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We’ve seen the best and worst of Luis Suarez at the World Cup – so what on earth will he do in Russia this summer?

Luis Suarez is getting ready to sink his teeth into another World Cup. 

Please excuse the pun, but let’s be honest; the infamous No 9 had it coming.

Uruguay’s centre-forward will go to Russia this summer as one of the world’s most well-renowned goal-scorers, but even with four years of relative good behaviour on his side; he can’t quite shake off the past.

Why Luis Suarez is a Dream Team World Cup must have

Playing alongside the dashing Diego Forlan at the 2010 World Cup, Suarez burst onto the scene as one of the standout players in South Africa, helping his country reach the semi-finals of the tournament.

But it was the dark side of Suarez’s game that overshadowed their overall performance.

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Up against Ghana in the quarter-finals, he shocked the world with a blatant hand-ball on the goal-line, denying the African nation a certain match-winner in the dying seconds of extra-time.

Of course, he was shown a straight red card by the referee and Ghana were given their chance from the penalty spot, only for Asamoah Gyan to blaze his shot over the crossbar.

Watching on from the sidelines, Suarez celebrated the miss as if he’d scored a goal.

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Earlier this year, Suarez spoke to his Barcelona team-mate Gerard Pique for The Player’s Tribune, and Pique asked the striker about the infamous moment.

He said: “I didn’t kick anyone or anything like that, that’s why I think that I celebrated like that, for having taken a risk for something that was worth it. And I remember that I celebrated it more than a goal.”

Four years after South Africa, the World Cup came to Brazil.

And by this point, Suarez was widely considered one of the best forwards in the world, having lead Liverpool to within a whisker of the Premier League title that season.

He won a plethora of individual plaudits as a result, including the Player of the Year award, the Premier League Golden Boot and the European Golden Shoe.

He was even ranked number one on “Europe’s most influential player” list, ahead of Lionel Messi, Zlatan Ibrahimovic and Cristiano Ronaldo.

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But in that time, he’d also been involved in a number of unsavoury incidents.

In October 2011, he was accused of racially abusing Patrice Evra in a match against Man United, resulting in an eight-match ban and a £40,000 fine.

Two years later in a match against Chelsea, he bit his marker Branislav Ivanovic – the second time he’d bitten an opponent in his playing career – and he was consequently banned for ten-matches.

And it was the same story in Brazil.

In Uruguay’s second group game of the World Cup, he scored both goals in their 2-1 win over England, leading them to the brink of the last 16.

But in their final group game against Italy – needing a win to assure progression to the next round – Suarez once again showed the other side to his game.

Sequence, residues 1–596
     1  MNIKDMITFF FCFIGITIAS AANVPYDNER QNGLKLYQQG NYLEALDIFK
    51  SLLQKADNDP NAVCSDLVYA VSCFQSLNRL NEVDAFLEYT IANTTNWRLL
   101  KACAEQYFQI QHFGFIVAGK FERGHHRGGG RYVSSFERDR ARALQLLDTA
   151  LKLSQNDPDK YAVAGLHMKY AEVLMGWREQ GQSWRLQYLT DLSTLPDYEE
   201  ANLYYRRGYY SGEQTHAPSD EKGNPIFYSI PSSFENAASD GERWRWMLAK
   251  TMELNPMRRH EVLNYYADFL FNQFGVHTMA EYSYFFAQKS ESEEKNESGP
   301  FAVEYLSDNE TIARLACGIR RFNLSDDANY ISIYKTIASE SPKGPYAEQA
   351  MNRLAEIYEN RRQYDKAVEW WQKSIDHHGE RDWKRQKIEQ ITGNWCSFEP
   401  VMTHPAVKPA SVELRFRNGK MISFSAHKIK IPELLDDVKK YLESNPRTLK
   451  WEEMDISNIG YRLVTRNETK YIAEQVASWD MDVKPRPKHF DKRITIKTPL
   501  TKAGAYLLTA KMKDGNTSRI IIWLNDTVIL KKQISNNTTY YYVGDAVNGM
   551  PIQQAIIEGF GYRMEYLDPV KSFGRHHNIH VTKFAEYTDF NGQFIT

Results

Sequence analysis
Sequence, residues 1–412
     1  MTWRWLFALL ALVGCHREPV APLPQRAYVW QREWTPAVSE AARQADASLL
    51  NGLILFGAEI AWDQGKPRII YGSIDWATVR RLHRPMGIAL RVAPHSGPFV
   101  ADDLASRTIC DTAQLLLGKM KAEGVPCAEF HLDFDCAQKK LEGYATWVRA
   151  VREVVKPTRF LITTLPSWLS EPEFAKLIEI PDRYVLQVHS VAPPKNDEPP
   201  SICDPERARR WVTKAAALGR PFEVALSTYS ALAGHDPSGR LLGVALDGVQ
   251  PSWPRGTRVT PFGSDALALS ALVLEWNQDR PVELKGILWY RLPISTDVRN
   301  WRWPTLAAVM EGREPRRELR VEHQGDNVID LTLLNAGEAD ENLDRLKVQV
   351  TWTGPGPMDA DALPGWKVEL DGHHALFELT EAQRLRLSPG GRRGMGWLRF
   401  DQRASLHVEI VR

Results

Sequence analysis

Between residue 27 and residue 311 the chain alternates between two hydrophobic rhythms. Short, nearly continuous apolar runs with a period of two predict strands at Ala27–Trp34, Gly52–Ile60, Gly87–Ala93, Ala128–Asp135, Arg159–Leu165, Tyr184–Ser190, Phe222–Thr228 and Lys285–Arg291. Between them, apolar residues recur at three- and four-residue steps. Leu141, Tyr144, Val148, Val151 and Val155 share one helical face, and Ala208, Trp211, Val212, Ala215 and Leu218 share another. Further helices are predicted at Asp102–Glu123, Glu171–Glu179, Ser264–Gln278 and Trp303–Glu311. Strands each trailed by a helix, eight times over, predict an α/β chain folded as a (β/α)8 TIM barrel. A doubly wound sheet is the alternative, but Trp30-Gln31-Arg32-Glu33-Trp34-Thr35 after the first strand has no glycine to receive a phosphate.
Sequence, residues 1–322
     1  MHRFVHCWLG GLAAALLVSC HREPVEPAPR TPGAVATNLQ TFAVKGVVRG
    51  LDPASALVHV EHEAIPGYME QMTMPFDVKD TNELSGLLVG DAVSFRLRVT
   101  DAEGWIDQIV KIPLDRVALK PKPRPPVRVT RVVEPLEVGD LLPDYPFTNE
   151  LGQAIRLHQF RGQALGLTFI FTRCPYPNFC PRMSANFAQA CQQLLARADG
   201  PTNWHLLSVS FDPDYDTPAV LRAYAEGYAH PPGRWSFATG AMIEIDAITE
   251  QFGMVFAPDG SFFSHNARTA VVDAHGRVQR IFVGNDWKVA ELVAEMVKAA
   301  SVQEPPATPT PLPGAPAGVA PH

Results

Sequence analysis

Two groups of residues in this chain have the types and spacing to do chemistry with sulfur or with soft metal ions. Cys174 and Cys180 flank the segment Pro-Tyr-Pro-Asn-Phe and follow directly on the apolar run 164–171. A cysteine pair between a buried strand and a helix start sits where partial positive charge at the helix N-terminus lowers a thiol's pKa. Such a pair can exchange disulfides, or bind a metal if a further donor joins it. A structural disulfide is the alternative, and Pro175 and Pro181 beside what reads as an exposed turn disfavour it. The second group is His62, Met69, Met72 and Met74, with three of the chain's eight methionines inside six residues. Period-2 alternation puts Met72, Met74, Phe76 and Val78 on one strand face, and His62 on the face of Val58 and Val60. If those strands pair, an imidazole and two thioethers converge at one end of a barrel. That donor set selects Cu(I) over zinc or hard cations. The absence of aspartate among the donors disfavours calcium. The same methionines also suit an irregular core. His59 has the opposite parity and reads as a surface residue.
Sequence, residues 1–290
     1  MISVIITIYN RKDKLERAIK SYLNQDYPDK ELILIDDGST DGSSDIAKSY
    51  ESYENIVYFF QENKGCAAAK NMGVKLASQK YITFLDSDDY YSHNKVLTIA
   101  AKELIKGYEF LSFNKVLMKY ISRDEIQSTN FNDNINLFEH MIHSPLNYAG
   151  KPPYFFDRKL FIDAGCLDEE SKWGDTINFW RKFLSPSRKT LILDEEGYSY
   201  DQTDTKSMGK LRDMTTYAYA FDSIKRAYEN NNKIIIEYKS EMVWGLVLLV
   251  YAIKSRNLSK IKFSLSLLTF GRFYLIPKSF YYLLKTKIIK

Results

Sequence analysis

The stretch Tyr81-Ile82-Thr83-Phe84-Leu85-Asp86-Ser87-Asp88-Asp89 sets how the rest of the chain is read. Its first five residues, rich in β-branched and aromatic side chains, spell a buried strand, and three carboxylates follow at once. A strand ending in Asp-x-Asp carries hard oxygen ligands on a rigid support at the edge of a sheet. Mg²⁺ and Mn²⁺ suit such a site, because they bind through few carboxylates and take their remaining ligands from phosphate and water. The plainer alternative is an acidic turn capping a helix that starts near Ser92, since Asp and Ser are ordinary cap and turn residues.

With the scoreline goalless going into the final 10 minutes, Suarez clashed with defender Giorgio Chiellini, seemingly lunging at the Italian and biting his shoulder.

Even in the replays, you could clearly see the bite marks.

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That summer, Suarez finally agreed his inevitable big-money move to Barcelona, but the transfer was overshadowed by the fall-out of the Chiellini incident.

Considering this was his third biting incident, Suarez was banned for nine international matches – the longest such ban in World Cup history – meaning he would miss the rest of the tournament, as well as the 2015 Copa America.

As the summer ended and the new season began, Suarez was no where near Barcelona’s opening La Liga match.

Part of his punishment meant he was banned from turning out for his new employers for the next four months, meaning he could only appear in friendlies and take part in training.

Eventually, he made his debut for Barca in their El Clasico clash against Real Madrid in October – setting up the consolation goal in a 3-1 defeat – before establishing himself alongside Lionel Messi and Neymar in their attack.

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On signing for Barcelona, Suarez promised fans that he’d never bite another opponent again and even revealed he’d sought professional help to prevent it happening for a fourth time.

In his autobiography – published later that year – he spoke at length about the numerous controversial incidents in his career and the work he did with sports psychologists to help his in-game outbursts.

“It was my fault”, he wrote. “This was the third time it had happened. I needed help.”

In his book, he discussed his traumatic childhood and the survival-instinct he learned while growing up, along with the adrenaline levels of the game and the mounting pressure to score goals.

As of this season, Suarez has notched 152 goals for Barcelona in four years.

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What kind of World Cup will Suarez have?

Uruguay have been pitted against Egypt, Russia and Saudi Arabia in Group A and he’ll be tasked with leading the line for his country once again alongside the prolific Edison Cavani.

There’s high hopes for La Celeste, as their team is relatively strong in all areas and they’re favourites to top their group, but rated at just 28/1 to win the tournament.

But with Suarez in tow – who’s 22/1 to finish the tournament as top scorer and priced at £6m on Dream Team World Cup – anything is possible.


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